Sampling errors do not occur in the Prodcom survey, as these statistics are collected by non-probability sampling which means a full coverage survey with a cut-off threshold (i.e. cut-off sample). The part of the sample drawn up by a simple random sampling design is so negligible that it is not needed to collect the corresponding CVs (CV =coefficient of variation computed as a ratio between the square root of the estimate of the sampling variance and the estimated value).

13.3. Non-sampling error

Coverage errors

Coverage represents the extent to which the target population coincides with the frame population.

The coverage for the Prodcom survey is impossible to determine because the targeted population should be defined in terms of all enterprises which manufacture goods included in the Prodcom List. No reporting country has the resources to produce a corresponding sampling frame. Consequently, since the Statistical Business Register (SBR) does not offer information on products but only on economic activities, the coverage of Prodcom survey is generally assessed by using enterprise turnover as a reference.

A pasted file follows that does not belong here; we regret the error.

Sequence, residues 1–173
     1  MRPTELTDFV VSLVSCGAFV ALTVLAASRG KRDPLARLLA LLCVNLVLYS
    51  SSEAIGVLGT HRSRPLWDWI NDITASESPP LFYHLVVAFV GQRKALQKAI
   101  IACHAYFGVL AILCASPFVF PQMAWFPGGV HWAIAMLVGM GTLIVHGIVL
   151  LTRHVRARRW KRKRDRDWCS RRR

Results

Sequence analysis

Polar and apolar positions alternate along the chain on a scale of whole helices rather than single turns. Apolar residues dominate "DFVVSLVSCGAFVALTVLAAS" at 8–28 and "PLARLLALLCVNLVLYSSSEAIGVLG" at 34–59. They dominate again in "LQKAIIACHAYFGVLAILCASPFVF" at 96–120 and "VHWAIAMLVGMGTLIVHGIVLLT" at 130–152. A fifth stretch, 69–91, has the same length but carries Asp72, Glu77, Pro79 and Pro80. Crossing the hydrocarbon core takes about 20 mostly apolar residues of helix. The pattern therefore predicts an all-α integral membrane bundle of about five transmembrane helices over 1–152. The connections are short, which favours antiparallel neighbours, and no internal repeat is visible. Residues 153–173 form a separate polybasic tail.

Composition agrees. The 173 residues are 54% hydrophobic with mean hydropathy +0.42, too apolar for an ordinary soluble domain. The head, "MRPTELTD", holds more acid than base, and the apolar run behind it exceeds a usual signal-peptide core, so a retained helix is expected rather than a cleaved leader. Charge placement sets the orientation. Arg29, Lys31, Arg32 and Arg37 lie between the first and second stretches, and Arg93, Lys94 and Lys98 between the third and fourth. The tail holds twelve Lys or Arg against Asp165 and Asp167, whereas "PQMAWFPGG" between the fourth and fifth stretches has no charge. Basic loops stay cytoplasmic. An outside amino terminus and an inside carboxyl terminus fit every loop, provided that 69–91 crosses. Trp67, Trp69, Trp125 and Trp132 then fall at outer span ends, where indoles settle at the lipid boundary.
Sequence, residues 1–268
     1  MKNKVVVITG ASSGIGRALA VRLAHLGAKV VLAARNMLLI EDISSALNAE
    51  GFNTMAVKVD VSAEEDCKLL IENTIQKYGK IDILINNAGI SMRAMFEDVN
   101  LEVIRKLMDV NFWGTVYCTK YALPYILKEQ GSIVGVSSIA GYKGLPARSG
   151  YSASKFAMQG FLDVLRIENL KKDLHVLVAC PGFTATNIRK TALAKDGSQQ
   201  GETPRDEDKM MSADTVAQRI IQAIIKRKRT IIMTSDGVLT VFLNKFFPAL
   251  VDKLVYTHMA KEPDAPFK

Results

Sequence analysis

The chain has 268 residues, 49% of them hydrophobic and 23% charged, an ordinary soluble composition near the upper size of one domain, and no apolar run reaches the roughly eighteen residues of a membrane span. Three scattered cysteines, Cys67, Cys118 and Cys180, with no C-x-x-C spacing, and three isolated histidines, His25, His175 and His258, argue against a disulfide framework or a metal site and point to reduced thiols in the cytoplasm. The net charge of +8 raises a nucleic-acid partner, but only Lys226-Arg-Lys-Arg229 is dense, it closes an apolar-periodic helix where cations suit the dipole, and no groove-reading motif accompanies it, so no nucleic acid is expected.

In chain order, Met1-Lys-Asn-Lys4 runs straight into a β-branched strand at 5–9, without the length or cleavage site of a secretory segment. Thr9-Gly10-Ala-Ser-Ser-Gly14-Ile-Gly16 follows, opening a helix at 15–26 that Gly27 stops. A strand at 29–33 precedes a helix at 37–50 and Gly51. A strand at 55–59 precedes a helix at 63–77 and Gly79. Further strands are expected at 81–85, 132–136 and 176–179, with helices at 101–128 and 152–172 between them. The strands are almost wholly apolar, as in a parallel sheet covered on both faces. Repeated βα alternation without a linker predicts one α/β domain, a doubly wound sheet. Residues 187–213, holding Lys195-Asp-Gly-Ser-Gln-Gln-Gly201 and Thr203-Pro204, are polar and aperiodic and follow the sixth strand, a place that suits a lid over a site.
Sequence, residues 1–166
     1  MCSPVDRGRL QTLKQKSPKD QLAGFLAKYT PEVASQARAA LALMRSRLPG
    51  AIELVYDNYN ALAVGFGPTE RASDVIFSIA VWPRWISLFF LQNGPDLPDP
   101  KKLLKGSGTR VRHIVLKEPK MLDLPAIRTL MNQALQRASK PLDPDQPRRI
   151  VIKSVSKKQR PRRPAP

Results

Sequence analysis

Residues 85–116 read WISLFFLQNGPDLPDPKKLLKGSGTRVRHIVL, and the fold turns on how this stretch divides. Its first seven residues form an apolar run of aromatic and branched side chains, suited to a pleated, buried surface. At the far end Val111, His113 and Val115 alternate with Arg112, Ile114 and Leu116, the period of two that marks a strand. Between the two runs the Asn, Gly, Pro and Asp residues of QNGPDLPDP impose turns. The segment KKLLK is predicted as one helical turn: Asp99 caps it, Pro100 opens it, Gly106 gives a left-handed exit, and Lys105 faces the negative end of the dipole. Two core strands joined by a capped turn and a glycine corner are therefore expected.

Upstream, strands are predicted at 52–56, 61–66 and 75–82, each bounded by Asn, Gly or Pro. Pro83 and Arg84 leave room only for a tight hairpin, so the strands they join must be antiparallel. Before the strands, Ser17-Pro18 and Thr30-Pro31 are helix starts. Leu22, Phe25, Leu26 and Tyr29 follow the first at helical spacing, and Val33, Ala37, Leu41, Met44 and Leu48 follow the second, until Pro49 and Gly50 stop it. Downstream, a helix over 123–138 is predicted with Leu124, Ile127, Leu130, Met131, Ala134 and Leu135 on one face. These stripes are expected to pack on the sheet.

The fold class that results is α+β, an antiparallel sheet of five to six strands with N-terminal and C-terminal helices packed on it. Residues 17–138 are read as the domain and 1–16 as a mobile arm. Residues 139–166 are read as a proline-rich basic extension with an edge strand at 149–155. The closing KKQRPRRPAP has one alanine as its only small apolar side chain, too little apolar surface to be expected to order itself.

The approach most used by reporting countries to assess the coverage of Prodcom survey is in terms of turnover (or total production value) as the ratio between 

  • total turnover (or total production value) of all observational units in NACE Rev. 2 07-33 in the Prodcom sample and,
  • total turnover (or total production value) of all relevant enterprises (i.e. enterprises with primary and secondary activity within NACE Rev. 2 07-33 in the SBS population.).

However, this approach does not guarantee that the biggest enterprises by total turnover/total production value actually also cover 90% of industrial activities.